JAKARTA – Indonesia will “almost definitely” keep in place a ban on nickel ore and bauxite exports, the country’s mining minister said on Wednesday, just days after it had considered lifting the restriction to raise extra cash in an overhaul of mining rules.
Indonesia banned metal ore exports in early 2014 to encourage miners to build smelters to create jobs and shift exports from raw materials to higher-value finished metals.
But the government has been comprehensively reevaluating the domestic mineral processing requirements, amid concerns that the current deadline for full processing of all minerals by 2017 may not work for certain metals.
The government is also seeking new revenue sources, with a fiscal deficit expected to widen to 219 trillion rupiah ($16.9 billion) this year. The mining sector accounted for almost 6 percent of Indonesia’s GDP before the 2014 ban on metal ore exports, and has since slipped to about 4 percent.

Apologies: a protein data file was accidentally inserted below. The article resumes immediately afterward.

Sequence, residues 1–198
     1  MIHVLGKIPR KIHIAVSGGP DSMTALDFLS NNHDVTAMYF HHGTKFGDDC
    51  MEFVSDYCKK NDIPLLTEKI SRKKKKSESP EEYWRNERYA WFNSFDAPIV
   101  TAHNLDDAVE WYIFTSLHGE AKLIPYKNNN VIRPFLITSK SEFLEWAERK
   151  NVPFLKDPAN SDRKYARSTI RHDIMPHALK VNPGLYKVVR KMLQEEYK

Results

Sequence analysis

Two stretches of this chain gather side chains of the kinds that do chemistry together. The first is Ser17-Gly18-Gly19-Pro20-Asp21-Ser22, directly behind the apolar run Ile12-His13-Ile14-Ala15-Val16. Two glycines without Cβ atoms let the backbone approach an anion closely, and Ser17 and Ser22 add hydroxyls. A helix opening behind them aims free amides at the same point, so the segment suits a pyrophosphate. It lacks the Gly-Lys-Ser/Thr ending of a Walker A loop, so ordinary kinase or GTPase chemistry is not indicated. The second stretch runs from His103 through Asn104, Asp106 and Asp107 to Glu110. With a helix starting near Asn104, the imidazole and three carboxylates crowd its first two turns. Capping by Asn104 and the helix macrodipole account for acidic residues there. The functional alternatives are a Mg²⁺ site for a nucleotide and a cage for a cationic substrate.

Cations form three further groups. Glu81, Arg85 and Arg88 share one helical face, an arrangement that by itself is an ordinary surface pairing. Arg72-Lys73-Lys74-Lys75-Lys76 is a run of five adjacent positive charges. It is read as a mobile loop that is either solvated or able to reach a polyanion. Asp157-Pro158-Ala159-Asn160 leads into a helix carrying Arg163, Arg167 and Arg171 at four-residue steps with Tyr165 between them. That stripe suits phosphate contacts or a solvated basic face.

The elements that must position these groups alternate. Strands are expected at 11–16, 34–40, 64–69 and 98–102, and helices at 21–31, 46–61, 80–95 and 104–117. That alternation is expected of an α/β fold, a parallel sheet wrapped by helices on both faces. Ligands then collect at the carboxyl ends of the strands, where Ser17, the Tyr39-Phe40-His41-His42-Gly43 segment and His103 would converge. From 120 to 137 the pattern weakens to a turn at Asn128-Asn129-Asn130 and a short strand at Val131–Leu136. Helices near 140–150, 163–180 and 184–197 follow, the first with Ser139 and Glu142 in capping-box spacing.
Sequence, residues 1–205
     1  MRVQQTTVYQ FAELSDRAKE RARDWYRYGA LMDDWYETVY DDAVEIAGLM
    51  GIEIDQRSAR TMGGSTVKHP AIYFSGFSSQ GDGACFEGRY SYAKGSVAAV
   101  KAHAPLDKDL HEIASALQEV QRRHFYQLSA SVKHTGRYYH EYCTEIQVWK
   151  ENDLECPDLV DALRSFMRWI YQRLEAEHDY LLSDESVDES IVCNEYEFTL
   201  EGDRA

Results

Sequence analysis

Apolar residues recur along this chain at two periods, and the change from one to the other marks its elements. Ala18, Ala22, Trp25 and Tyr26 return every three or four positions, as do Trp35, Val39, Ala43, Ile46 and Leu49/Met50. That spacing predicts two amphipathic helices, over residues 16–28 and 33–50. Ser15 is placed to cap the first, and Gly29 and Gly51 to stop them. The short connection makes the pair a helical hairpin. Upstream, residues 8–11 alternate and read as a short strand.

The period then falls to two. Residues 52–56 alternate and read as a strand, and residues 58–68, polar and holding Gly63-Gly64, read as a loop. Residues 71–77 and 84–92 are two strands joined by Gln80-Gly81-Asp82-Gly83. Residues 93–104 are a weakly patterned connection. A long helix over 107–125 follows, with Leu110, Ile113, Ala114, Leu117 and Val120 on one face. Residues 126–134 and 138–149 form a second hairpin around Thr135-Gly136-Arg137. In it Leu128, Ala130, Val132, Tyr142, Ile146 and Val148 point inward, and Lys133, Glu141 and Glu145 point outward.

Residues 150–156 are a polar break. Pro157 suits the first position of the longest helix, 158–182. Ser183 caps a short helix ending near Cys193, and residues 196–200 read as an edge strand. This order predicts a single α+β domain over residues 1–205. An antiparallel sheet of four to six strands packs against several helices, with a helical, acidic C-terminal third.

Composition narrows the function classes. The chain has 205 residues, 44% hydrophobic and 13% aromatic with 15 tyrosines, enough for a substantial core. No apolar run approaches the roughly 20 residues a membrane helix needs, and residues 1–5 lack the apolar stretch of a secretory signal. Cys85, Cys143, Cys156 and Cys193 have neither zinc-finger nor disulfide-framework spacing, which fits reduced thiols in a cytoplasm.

As recently as Friday the government was considering allowing exports of bauxite and up to 15 million tonnes of nickel ore per year, a move that would gain support from state-owned miner Aneka Tambang, but few others in the industry.
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